The presentation of the Decameron as an exceptional but failed literary experiment, which "flies low" and aims solely at pleasure, and of Boccaccio himself as a "pleasant bungler" ("simpatico pasticcione"), with no real literary talent, leads to the conclusion that after the Decameron Boccaccio gave up his cultural vision to embrace that of Petrarch "with joyous enthusiasm" (58). As Quondam reveals at the end of his essay, Petrarch was the true father and patriarch of Italian literature specifically and of modern literature generally. There is nothing that readers can do or say, he writes, "to restore the Decameron to the Library of Serious and Respectable Books," except, that is, "to give credit to Petrarch's disdainful gesture" of translating the last of its tales and transforming it into a lasting literary artifact (60-61). Whether or not Petrarch's translation was really an act of disdain is a question that cannot be fully addressed here, but it is worth noting that Quondam's restrictive view of literature is striking in this context. The introduction engages with the Decameron from a reactionary point of view that prefers the heavy moralism of Petrarch's Griselda over Boccaccio's ambiguous "vaghe donne." Quondam even seems to agree with the superficially reconstructed Petrarchan idea that "the new 'literature' can never be a thing for the crowd and even less for women, it must be a thing for literati" (61), since throughout the introduction he scandalously ignores the questions raised about the Decameron by feminist criticism and gender studies, and in general the Anglophone critical context in which these ideologies thrive. Leaving aside the critical oversights, however, if Quondam shares this idea of what literature should be, how are we to interpret his enterprise in this presentation of the Decameron?

A similarly limited vision of literary culture also informs Francisco Rico's volume on the Boccaccio-Petrarch nexus. Like Quondam, Rico feels compelled to revise one of the main scholarly commonplaces regarding Boccaccio from the previous century: the portrait of the friendship between Boccaccio and Petrarch as composed by Branca and Billanovich. While many would not disagree with this impulse, Rico also seems driven to uphold Petrarch's intellectual and poetic superiority to Boccaccio. For example, he concludes the Preface by stating his "conviction" that Boccaccio "read little and poorly, or...in a hurry and without the necessary penetration" Petrarch's books of old age, likening Boccaccio to a "laborious worker" in Petrarch's humanistic program (24).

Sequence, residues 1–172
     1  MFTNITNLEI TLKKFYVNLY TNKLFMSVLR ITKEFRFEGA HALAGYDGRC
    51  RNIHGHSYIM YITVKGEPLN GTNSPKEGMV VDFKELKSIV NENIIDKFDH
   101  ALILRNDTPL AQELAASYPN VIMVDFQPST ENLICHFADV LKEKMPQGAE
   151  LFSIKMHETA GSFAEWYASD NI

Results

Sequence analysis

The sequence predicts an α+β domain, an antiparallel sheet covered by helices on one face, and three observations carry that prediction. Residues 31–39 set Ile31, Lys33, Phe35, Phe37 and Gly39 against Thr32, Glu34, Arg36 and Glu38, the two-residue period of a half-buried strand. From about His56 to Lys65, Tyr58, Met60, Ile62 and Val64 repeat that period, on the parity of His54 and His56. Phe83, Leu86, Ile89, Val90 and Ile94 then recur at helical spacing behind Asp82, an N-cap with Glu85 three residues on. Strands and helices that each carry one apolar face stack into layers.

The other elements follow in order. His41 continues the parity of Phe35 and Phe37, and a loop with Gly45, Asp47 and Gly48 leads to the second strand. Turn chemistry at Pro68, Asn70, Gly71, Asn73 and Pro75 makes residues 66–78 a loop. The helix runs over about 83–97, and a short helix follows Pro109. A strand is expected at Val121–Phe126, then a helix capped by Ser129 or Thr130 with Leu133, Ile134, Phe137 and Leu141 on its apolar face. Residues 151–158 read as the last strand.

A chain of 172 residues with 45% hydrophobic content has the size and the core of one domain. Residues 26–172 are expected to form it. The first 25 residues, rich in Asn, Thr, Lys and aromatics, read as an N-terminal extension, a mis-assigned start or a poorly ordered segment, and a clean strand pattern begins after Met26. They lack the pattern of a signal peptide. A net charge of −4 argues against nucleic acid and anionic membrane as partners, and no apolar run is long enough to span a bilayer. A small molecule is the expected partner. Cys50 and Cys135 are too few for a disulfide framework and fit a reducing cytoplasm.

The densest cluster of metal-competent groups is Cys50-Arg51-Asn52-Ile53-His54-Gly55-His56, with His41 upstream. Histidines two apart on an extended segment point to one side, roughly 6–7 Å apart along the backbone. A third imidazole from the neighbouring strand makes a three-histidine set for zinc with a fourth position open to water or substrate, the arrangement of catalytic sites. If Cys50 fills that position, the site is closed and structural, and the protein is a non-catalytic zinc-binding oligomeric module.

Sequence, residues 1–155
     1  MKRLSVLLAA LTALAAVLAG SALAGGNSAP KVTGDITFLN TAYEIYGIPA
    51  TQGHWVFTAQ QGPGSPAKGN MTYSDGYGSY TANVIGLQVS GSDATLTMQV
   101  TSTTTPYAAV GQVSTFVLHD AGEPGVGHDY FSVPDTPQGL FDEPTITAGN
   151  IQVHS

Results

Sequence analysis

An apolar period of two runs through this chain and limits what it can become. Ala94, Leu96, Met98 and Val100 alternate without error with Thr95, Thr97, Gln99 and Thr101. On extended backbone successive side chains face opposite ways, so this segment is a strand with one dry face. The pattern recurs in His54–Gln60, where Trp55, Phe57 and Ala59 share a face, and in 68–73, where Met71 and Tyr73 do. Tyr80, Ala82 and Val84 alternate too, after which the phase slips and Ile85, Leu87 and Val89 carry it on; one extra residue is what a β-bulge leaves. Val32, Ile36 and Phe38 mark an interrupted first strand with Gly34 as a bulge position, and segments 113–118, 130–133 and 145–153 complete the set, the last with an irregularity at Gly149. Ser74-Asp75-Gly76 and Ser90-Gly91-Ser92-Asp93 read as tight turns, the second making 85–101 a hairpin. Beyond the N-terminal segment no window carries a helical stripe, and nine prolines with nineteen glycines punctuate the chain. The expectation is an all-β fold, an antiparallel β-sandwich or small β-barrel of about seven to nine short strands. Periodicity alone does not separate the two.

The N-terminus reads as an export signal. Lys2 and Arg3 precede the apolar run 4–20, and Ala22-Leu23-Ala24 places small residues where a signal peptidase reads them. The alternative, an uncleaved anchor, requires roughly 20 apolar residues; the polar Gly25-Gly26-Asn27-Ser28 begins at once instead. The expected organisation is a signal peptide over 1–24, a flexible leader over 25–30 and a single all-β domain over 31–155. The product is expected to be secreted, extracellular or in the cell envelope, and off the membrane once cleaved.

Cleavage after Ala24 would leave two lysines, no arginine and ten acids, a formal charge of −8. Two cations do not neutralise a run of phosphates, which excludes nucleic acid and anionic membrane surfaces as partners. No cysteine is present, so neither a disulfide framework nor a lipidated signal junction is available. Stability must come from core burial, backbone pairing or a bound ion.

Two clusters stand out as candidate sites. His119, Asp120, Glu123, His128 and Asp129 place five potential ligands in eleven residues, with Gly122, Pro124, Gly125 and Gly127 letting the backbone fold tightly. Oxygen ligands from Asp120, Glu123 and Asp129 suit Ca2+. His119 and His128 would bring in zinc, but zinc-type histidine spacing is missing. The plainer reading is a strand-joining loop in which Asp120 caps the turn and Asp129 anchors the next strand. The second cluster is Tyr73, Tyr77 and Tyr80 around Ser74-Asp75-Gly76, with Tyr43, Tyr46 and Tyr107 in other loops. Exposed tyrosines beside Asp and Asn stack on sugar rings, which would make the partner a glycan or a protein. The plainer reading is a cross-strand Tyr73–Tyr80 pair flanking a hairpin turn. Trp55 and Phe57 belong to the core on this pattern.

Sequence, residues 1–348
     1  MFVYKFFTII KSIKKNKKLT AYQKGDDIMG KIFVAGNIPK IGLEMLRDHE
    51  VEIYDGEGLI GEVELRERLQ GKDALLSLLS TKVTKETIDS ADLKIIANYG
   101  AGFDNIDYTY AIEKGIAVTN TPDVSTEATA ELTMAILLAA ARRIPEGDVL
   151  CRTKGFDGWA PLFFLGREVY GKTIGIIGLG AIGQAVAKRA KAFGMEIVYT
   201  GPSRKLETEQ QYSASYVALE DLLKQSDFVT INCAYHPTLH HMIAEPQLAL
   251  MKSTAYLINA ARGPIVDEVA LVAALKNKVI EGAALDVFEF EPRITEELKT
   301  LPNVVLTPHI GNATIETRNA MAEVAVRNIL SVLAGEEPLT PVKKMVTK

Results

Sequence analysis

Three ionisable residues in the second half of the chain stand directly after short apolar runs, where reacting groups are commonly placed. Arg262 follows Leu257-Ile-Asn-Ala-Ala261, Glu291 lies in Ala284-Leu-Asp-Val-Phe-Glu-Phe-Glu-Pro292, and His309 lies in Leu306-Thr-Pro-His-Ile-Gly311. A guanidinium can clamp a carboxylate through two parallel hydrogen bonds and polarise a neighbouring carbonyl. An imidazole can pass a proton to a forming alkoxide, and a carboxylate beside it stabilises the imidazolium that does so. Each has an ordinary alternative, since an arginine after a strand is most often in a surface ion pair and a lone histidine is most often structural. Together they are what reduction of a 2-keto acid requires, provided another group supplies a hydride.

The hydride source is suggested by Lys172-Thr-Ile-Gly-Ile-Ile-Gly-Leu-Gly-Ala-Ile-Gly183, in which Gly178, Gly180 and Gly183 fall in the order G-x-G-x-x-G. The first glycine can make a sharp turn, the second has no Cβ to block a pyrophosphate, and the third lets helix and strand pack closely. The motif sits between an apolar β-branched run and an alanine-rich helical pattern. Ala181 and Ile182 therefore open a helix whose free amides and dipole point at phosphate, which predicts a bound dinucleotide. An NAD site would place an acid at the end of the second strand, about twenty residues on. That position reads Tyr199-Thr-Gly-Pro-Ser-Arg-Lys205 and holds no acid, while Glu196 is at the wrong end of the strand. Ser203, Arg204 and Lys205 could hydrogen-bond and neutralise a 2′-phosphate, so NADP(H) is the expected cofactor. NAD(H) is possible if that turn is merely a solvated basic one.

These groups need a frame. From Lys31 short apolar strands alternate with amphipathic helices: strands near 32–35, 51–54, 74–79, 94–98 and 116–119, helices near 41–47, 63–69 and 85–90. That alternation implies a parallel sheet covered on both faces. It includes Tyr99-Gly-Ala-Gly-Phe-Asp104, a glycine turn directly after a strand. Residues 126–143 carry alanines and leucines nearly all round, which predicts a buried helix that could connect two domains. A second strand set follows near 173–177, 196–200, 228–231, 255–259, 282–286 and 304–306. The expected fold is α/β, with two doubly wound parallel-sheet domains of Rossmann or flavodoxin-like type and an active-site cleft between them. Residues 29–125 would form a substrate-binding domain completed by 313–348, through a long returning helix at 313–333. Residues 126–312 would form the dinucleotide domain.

Rico insists on reading between the lines of Petrarch's correspondence with Boccaccio a tone of condescension and abuse: their epistolary exchange, he says, lets us catch a glimpse of "the chiaroscuro of their relations and suggests splendidly how the elder one considered the younger one. He looked at him with authentic affection, he kept him in mind and turned to him when ever he needed him, as if to a family member or a life-long friend: but a friend...who was somewhat disposable [usa e getta]. Petrarch behaved with him...if not with arrogance or desire to hurt him, then with lack of care; never as an equal" (20). Yet he continues to read literally Boccaccio's self-consciously humble and falsely modest self-presentation with respect to Petrarch: "In Petrarch, the story-teller sees rather a 'pater et dominus,' 'master and father,' to whom he owes everything that he is...Since illustris, venerabilis, inclitus, preclarissimus, sublimis...seem not to be enough, lacking other adjectives he turns frequently to sacred vocabulary: 'divinus homo,' 'celestis homo profecto,' 'celesti ingenio,' etc. ...what Boccaccio professes is a religion..." (10). What is missing here is the due recognition that Boccaccio is fashioning himself as individual, scholar, and poet--especially in the later Latin works and letters--in opposition to Petrarch, not transcribing any reality of himself as Petrarch's underling. What Boccaccio scholars need to ask (and, in fact, are asking) is: What does this two-way interaction have to say about Boccaccio's literary-cultural program? Rico never poses this question because he is convinced that Boccaccio is simply a worker-bee in Petrarch's hive. Yet, what he reads as Boccaccio's subservience could just as easily be understood in terms of differentiation, irony, or satire.